Thursday, May 12, 2016
In my friend, I find a second self. —Isabel Norton
Our mates and close friends present us with another view on what it is to be a human being. In being close we lower our barriers and get a feeling for what life is like from that person's perspective. We develop a feeling of empathy for him or her, and we multiply our life experiences by participating with others.
Through our closeness to someone, we might be confronted by a new awareness of ourselves. We may see something about ourselves we don't like and could never have seen on our own. We may see how similar we are to our friends, or how different, or how common and human our problems are. While each man lives his own life, through empathy we are given another window on the experience of living. Having a friend is a rich experience, which increases our wisdom about life.
I am thankful for relationships. I feel grateful that I am not alone.
From Touchstones: A Book of Daily Meditations for Men ©
Twenty-Four Hours a Day
Twenty-Four Hours a Day
Keep It Simple
You can observe a lot just by watching. Yogi Berra
When we watch others, we learn how to "act as if." We watch a patient person, and then we "act as if we're a patient person. The result? Over time, we'll become a patient person. We watch how good listeners listen, and we "act as if" we know how to listen. Then one day, we realize we're really listening! We watch people who have faith, and we "act as if" we have it. Then over time, we become spiritual people!
Prayer for the Day: Higher Power, help me find You in the people and events of my day.
Action for the Day: I will "act as if" my Higher Power is standing next to me all through the Day.
From: Bluidkiti's Alcohol and Drug Addictions Recovery Help/Support Forums
One Day At A Time
We know for sure that alcoholics and addicts do have tremendous willpower.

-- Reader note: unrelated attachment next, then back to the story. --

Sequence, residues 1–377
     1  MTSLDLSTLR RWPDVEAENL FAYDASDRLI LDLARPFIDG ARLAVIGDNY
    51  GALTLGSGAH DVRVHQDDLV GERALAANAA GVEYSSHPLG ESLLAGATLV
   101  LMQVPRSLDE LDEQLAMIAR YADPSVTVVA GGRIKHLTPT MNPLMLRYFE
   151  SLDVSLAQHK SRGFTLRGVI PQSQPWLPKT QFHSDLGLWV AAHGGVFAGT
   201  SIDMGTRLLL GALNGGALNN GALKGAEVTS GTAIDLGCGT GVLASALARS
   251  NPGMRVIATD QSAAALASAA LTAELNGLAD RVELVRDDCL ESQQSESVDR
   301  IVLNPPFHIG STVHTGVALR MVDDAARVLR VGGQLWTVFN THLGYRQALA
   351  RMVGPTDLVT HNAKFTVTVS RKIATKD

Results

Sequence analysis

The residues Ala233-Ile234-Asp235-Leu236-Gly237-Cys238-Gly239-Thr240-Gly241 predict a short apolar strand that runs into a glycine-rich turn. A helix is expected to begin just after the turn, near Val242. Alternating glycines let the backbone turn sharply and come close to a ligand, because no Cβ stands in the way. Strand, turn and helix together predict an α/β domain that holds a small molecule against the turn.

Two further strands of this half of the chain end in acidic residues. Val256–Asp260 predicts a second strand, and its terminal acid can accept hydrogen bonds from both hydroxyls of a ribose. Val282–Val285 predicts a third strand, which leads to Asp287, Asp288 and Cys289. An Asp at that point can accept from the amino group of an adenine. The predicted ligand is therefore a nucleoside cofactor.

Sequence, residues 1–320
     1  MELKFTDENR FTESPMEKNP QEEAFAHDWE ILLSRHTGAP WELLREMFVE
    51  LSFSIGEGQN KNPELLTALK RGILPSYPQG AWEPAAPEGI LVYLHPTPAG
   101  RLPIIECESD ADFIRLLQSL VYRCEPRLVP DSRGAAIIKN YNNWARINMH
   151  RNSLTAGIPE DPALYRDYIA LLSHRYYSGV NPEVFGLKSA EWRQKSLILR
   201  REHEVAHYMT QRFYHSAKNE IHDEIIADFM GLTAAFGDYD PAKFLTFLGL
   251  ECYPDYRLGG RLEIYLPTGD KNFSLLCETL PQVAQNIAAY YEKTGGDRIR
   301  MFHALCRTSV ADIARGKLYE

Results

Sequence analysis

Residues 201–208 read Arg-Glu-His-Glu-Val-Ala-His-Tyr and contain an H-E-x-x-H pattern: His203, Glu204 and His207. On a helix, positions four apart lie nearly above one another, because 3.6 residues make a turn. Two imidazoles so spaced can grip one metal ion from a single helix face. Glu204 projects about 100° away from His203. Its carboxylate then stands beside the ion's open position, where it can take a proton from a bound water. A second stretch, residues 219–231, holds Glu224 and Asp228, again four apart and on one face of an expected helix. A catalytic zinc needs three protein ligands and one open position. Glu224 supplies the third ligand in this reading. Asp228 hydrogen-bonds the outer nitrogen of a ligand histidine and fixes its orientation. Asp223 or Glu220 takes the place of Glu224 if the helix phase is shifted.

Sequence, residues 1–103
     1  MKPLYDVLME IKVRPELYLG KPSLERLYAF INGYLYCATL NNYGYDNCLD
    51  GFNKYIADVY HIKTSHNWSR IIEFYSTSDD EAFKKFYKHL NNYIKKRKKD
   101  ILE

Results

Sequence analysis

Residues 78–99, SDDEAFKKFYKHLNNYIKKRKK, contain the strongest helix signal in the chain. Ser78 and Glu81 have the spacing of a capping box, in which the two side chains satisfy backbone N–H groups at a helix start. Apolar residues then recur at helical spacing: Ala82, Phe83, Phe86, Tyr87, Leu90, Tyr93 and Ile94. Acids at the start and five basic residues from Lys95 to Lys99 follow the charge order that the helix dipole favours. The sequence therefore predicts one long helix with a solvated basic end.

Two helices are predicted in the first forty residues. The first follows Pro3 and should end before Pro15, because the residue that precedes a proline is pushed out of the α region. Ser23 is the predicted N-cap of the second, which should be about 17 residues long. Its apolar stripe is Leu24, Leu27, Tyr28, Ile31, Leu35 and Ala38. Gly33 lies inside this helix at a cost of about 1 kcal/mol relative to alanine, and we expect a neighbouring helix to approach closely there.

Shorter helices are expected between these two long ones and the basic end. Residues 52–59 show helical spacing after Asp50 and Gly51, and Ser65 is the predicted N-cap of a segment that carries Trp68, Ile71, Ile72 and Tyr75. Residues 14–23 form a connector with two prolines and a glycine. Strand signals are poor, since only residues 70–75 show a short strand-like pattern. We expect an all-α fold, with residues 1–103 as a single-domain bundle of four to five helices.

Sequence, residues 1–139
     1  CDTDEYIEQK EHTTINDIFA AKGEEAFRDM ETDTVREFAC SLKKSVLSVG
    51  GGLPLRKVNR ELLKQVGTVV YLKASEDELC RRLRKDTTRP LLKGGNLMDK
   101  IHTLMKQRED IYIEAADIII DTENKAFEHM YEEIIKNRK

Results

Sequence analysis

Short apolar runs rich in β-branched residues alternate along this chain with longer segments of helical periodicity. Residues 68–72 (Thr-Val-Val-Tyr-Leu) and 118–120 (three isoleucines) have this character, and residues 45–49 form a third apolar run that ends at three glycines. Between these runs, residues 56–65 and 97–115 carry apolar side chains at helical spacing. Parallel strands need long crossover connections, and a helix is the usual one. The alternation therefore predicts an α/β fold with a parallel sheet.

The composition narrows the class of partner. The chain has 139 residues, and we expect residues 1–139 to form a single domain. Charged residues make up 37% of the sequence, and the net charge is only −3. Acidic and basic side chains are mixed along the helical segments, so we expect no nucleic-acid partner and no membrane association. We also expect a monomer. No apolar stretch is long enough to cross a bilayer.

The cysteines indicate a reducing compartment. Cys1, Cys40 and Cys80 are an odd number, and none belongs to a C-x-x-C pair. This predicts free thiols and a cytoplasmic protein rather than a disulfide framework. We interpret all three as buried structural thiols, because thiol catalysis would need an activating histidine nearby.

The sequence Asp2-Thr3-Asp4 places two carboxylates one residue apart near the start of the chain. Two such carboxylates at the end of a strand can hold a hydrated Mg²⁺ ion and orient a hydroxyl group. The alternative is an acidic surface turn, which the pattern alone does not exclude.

Consider the ways we could manage to get a drink or drug in defiance of all visible possibilities.
Merely to get up some mornings – with a rusting cast-iron stomach, all your teeth wearing tiny sweaters, and each hair electrified – takes willpower many nondrinkers and nonusers rarely dream of.
Once you’ve gotten up with your head, on those certain mornings, the ability to carry it all through the day is further evidence of fabulous strength of will.
Oh yes, real drinkers and users have real willpower.
- Living Sober, p. 84
Thought to Ponder . . .
Willpower ... our will-ingness to use a Higher Power.
AA-related 'Alconym' . . .
W O W = Willingness Over Willpower.
From: AA Thought for the Day (courtesy AA-Alive.net)
Excerpt of The Daily Motivator
Very good people
by Ralph Marston
No one worth impressing is impressed by your attempts to impress them. Yet everyone is impressed when they sense authenticity and kindness.
It’s a waste of time and energy to merely look good. Put your effort into actually being good and delivering real value.
The most interesting people are those who take a genuine interest in others, not only with words, but with action. Be one of those.
The most respected people are those who act with respect toward people from whom they have nothing to gain. Be one of those, too.
If you’re constantly fretting about what other people think, they won’t think very highly of you. When you’re truly concerned about the welfare of others, there’s no need to worry about what they think of you.
There are a lot of very good people in this world. Value and appreciate them all without condition, and the courtesy will indeed be returned.
From The Daily Motivator website at http://greatday.com/